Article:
When we truly understand that—when we humbly stand before God with full recognition of our utter failure and inability to reach Him by our own power—then there can be absolutely no room for add-ons or personal preferences. The differences in liturgy and doctrine between believers become utterly petty. The superiority complex that would prompt us to sneer at somebody who worships and sins differently than we do cannot exist in the Church—not if the Church is to remain healthy.

If we congratulate ourselves for being in right standing with God or elevate ourselves over others, we are dishonoring the very grace by which we stand. When we fail to rejoice for the prodigal son’s return and instead hold him in quiet censure like the older son in the parable, God is neither pleased nor glorified; He is grieved.

 

Who says that we can’t pat ourselves on the back or look down on other people? Well, that’s just not how faith works: you can’t sincerely believe in the grace of God if you secretly think you get access to it and that someone else doesn’t. When Paul says we are justified “apart from the works of the law,” he’s using covenant language which candidly means, “apart from any club.”

 

Jesus proclaimed at the Last Supper that there is a new covenant in His blood. That means there’s only one God Club in town and it has only three members: the Father, Son, and Spirit. The agreement and covenant was made between the Father and Son and carried out in the Spirit.

There is no elitism. There is no superiority. There is no addendum. There is only grace.

What does this mean for the Church?

 

In His final moments alone with the disciples before His sham arrest and mock trial, Jesus taught them, empowered them, and even washed their feet as a symbol of their redemption through His obedience. No longer were they just following orders: they were friends. Jesus took care of the fine print; the disciples were free to love Him and act on that without hindrance.

That same promise is available for all present disciples of Jesus—the freedom to walk in the power of His love outside the confines of clubhouse rules. It is by this virtue that the disciples recognized no other basis for unity than the glory of God revealed in His grace. They weren’t united by ecclesiastic tradition, musical taste, or dogmatism. They were united in Jesus as a family. This does not mean that all church traditions and governance are fraudulent or somehow wicked; what it means is that none of them are sacrosanct. They are a temporary operation in the eternal equation.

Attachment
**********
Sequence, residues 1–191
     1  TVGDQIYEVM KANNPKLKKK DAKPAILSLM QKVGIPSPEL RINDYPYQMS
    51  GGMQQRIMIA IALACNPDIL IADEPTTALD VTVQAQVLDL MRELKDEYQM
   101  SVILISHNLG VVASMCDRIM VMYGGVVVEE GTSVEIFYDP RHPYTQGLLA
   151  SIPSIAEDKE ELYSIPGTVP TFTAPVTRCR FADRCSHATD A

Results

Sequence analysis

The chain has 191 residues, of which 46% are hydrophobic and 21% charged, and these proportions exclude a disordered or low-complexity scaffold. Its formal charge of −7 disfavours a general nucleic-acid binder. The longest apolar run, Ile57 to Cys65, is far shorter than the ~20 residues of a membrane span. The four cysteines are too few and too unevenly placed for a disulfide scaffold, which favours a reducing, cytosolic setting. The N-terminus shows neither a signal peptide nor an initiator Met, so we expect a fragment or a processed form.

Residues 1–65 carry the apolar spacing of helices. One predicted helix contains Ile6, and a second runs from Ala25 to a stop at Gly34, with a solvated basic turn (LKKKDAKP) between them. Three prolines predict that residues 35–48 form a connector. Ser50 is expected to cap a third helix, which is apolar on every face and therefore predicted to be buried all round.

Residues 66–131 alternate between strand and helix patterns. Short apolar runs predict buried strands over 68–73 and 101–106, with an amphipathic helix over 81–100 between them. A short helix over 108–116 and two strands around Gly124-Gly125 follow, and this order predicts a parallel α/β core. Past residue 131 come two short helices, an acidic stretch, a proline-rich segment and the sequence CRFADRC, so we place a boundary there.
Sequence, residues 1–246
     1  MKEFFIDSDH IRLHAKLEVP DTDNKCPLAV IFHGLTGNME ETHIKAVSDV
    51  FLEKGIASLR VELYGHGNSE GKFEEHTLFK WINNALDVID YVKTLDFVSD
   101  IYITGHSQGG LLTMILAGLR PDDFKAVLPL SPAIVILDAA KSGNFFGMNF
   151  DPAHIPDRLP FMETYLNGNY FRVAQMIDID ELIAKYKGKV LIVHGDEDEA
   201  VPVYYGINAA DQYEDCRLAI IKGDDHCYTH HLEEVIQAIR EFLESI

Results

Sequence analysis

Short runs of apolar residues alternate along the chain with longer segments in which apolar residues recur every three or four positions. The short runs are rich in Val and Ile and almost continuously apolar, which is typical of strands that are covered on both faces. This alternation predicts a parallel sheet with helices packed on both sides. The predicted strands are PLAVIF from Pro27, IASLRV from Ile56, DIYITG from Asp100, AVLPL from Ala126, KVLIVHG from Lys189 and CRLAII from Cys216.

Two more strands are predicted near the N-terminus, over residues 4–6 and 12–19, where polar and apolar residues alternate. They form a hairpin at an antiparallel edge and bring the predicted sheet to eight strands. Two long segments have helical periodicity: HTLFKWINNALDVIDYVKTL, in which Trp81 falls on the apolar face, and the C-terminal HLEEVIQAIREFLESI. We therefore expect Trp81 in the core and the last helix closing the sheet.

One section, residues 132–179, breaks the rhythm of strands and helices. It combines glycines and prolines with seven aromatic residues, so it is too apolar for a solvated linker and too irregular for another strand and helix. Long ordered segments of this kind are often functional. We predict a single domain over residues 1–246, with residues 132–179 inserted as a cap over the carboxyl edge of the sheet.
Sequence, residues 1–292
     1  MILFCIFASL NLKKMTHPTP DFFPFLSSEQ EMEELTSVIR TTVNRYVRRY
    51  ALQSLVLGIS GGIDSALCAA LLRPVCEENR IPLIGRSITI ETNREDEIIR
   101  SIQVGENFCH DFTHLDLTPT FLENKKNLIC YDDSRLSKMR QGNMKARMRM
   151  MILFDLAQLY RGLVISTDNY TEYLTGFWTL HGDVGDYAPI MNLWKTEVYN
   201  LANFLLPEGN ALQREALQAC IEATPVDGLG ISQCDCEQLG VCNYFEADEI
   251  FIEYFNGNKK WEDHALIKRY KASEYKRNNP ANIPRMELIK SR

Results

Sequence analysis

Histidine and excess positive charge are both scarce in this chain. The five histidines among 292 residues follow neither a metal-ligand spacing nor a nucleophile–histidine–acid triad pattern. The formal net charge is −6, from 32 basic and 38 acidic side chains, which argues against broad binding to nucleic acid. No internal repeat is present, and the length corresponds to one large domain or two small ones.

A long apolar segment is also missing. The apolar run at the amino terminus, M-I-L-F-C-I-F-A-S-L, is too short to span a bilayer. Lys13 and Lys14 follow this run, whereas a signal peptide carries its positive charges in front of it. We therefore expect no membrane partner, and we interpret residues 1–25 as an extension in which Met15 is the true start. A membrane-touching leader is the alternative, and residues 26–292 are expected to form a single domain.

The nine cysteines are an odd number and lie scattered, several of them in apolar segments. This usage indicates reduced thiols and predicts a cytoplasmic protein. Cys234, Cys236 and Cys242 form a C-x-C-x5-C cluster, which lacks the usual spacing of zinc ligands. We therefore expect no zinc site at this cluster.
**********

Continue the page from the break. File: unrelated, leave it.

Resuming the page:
In Galatians 2, Paul shares about the time he withstood some Jewish believers who thought themselves better than new Gentile (non-Jew) converts. These people were so persuasive that they even made Peter stumble and set himself apart from the Gentile believers. Such hypocrisy (the act of playing two parts) destroys the integrity of any family, and Paul would not tolerate it.

If there is anything which stands between two believers, it needs to be cast aside. If there is anything which hinders our love for the lost, it is in error. The only exceptionalism we ought to embrace is the simple pride and joy that a child has in their daddy, and it ought to compel us to bring the good news of Jesus to everybody – especially if they have missed out on the family of God because they weren’t a good fit for the clubhouse. There is no room for clubs in a family.